Mena Suvari doesn't think there's enough meaty roles for women these days. So when she was offered the part of Catherine in the movie adaptation of Ernest Hemingway's Garden of Eden (out Friday)...Mena Suvari
doesn't think there's enough meaty roles for women these days. So when she was offered the part of Catherine in the movie adaptation of Ernest Hemingway's Garden of Eden
(out Friday), she jumped.
In the movie, set in the '20s, Suvari plays a honeymooner in the French Riviera with her writer hubby David (Jack Huston
, Boardwalk Empire
The relationship takes a twist when Catherine decides she wants to wear the pants in the family -- literally. She cuts off her hair, takes control in the bedroom and even finds them a female lover to share.
``The movie has kind of a universal theme,'' says Suvari, 31. ``It's about struggling to find one's own identity, especially as a woman -- always battling and struggling with expectations that are put on us.''
After the film wrapped about three years ago, the former model -- who first burst on the scene as a come-hither teen in American Beauty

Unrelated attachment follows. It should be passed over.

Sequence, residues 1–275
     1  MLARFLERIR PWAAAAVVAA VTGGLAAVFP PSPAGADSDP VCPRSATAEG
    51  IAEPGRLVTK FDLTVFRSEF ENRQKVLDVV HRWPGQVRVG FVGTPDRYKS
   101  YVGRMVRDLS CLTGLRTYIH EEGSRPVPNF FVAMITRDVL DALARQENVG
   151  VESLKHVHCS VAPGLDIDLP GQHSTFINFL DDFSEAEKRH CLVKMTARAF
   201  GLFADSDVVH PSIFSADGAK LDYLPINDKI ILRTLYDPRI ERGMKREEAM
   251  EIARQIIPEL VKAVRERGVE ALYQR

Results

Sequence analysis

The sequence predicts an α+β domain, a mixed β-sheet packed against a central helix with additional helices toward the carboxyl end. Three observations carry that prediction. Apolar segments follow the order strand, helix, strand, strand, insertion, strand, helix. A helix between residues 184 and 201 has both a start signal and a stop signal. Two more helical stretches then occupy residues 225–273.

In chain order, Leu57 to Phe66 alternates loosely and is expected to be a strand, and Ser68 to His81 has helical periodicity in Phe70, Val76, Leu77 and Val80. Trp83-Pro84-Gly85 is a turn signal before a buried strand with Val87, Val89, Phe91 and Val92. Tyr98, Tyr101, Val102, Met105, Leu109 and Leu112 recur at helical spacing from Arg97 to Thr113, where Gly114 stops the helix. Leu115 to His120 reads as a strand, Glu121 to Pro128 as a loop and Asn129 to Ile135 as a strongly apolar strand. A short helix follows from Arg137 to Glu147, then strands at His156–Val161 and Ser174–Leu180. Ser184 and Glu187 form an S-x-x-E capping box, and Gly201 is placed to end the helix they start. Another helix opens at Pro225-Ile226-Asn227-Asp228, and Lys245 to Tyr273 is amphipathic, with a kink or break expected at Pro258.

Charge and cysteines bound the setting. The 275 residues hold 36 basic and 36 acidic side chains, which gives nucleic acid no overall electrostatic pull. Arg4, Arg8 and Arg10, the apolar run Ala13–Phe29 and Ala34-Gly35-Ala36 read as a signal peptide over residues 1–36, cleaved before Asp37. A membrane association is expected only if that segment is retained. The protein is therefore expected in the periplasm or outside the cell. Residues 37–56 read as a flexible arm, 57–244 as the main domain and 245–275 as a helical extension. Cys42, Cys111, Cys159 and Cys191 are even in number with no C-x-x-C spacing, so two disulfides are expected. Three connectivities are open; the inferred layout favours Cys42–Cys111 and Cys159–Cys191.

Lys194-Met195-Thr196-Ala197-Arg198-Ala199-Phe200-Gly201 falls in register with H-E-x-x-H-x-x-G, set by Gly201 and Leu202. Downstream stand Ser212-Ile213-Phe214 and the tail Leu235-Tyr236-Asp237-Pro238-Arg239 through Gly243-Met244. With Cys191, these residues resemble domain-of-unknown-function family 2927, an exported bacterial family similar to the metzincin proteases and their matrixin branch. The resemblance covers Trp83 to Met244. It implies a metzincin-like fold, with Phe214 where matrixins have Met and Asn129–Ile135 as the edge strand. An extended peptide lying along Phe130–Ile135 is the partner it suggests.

-- shaved her head (too many bleachings had zapped her roots). She was treated differently bald.
``I was at the airport, and the immigration officer looked at my passport picture when my hair was really long, and he said, `You know, you're such a pretty girl,' '' Suvari recalls. ``It really took me back. It made me think -- having long hair is kind of this expected look that women are supposed to have. Short hair didn't make me less of a woman!''
Filming the role was cathartic.
``I feel like this movie changed my life,'' says the Rhode Island native who is married to concert promoter Simone Sestito
. ``I've always grown with the characters I play. To dive into this so deeply was emotionally and mentally very challenging.''
She'll have a hard time replicating the experience.
``There was a moment when I really thought that I'd quit the business,'' confesses the actress. ``I put so much energy into discovering [Catherine] that I almost wondered if I could ever give like that again.''
-- MADELEINE MARR